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Gun shy

 
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ksuwcat
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Joined: 21 Dec 2004
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Location: Kansas

PostPosted: 12/21/04, 8:44 pm    Post subject: Gun shy Reply with quote

My son has inherited an 8 mo old GWP. He has been working well and really aims to please. Unfortunately the dog appears to be gun shy, cowers from the sound and avoids a gun sitting on the floor. I want to be carefull with this situation and not make it worse. Is there any advice that we could use to work this out of the dog?
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cheerio
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Joined: 11 Mar 2003
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PostPosted: 12/22/04, 11:22 am    Post subject: Reply with quote

Gun sensitivity is nothing more than noise sensitivity. It is fixable, but it is work, and requires patience.
start by making a little noise everytime puppy is around you. In the kitchen, bang a few saucepans, on the driveway or any hard floors, drop his chain collar... First start with softer sounds, then increase it. When you call him, go down on your heels and clap your hands while cheering him up to encorage him to come to you. Make sure he is inside the house when you turn on the vaccuum cleaner...
When you feel he is getting better, leave him in the house and go pierce a balloon outside in the backyard. Repeat for several days. Then take him out and leave himn in the car, go as far as you can and start shooting several times. Make sure someone stays with him, talking to him as if nothing was happening while you do this. This will also allow you to know for sure how he is doing. Each time, after you end the shooting session, take him out and give him a fun time. You want the dog to associate the gun shots with having fun. When he is ready, get closer, and closer... Little by little, he will learn that there is nothing to it.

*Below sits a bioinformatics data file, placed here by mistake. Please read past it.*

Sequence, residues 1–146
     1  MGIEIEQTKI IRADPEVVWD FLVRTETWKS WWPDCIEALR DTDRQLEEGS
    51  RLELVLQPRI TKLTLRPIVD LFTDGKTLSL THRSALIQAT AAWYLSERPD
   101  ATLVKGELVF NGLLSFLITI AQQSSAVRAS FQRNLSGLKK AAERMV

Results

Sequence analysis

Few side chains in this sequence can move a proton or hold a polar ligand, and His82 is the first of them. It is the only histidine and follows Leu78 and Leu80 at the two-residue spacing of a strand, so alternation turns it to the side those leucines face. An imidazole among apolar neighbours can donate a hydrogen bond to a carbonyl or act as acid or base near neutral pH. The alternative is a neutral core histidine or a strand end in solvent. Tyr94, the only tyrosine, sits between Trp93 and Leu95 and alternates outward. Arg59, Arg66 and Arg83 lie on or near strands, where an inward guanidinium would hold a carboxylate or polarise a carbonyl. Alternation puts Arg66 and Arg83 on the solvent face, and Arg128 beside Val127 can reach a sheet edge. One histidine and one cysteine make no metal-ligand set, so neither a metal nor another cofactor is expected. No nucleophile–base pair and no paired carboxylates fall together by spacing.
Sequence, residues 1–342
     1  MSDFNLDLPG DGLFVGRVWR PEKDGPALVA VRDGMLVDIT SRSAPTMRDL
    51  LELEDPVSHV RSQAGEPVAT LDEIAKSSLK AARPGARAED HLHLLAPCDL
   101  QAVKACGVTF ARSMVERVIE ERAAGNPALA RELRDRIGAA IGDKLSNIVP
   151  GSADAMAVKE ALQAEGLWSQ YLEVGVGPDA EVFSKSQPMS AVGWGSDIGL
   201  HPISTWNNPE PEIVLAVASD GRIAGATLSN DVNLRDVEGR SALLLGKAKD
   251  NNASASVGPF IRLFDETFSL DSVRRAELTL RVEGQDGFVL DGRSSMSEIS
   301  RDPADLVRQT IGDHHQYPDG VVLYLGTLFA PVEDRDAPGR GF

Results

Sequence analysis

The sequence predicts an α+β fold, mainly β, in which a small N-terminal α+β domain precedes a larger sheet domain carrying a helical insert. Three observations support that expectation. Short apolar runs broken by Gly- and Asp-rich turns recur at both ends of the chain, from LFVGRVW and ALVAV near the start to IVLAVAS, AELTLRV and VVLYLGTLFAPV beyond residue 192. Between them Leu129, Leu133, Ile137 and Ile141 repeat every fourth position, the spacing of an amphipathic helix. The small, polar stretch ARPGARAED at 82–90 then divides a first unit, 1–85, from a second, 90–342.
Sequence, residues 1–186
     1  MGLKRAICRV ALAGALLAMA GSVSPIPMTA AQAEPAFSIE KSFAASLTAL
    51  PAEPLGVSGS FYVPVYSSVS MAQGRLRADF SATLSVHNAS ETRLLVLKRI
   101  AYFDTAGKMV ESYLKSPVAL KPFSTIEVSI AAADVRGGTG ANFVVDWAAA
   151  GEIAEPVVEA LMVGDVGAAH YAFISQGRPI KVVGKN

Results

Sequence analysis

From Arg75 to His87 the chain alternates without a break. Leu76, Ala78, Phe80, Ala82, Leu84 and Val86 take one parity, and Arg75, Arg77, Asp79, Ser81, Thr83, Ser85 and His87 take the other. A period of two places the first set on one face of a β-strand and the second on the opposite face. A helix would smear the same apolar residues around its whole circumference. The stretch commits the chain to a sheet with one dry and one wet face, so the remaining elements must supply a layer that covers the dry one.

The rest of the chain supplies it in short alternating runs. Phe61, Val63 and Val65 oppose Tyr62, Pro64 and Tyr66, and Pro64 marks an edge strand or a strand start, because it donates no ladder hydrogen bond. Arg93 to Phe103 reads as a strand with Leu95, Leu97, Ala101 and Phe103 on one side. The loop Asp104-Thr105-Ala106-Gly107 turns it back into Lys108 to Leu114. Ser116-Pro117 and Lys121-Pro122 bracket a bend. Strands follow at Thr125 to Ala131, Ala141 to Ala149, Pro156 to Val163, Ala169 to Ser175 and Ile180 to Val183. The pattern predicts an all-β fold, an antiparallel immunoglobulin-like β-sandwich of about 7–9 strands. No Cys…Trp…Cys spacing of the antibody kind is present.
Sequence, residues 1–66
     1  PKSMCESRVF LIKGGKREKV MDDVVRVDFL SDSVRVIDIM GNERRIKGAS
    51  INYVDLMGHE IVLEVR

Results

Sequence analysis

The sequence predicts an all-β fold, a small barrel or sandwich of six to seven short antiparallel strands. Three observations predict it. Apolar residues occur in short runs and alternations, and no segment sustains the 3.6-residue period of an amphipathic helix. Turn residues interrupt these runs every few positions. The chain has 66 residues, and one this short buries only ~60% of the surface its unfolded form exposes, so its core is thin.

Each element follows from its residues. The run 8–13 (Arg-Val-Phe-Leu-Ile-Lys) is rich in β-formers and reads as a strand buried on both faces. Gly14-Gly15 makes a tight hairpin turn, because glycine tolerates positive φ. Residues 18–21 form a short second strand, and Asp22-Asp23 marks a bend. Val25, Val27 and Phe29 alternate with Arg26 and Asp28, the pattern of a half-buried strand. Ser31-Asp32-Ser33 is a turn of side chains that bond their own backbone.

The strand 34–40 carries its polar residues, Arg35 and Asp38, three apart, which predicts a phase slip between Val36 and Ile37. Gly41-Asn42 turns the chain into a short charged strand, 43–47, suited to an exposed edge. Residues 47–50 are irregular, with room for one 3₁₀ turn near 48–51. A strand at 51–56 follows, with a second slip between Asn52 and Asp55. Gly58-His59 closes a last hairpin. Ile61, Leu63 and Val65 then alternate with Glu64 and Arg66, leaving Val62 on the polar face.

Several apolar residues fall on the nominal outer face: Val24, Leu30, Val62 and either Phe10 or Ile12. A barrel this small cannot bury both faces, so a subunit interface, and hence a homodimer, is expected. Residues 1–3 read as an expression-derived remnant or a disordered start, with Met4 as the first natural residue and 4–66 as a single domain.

To be successful, you have to remember 3 things:
1- you are working with the principles of habituation. This means that you will need to reppeat the exercise often and regularly, and that you must always make noise several times at each session. One gun shot is likely to panick him, but after a few within a short time, he is more likely to get used to it.
2- you are working with the principles of desensitization. This means that you must advance slowly, at HIS pace and not as yours. The progress can go fast but they can also go slow. They may appear to go fast at first and then regress. This is normal in any behavior modification process. Don't be afraid to go back a few steps if this happens.
3- you are working with the principles of trust. The more you can bond with your dog the better. Take him everywhere with you, on leadsh, in the car... Talk to him as much as possible. Take classes: obedience, agility, whatever you and your pup may enjoy, Insist on discipline around the house: not harsh, but firm. Laugh with you dog, play with you dog, take him for walk. Make him your best pal.

In many European countries, no dog can become a champion (even in confirmation) until he passes his temperament test, which includes the famous gun shot. This is the method which is used to make sure the dog will "learn" to ignore it, and it works very well. But it does require consistency and patience.
Good luck.
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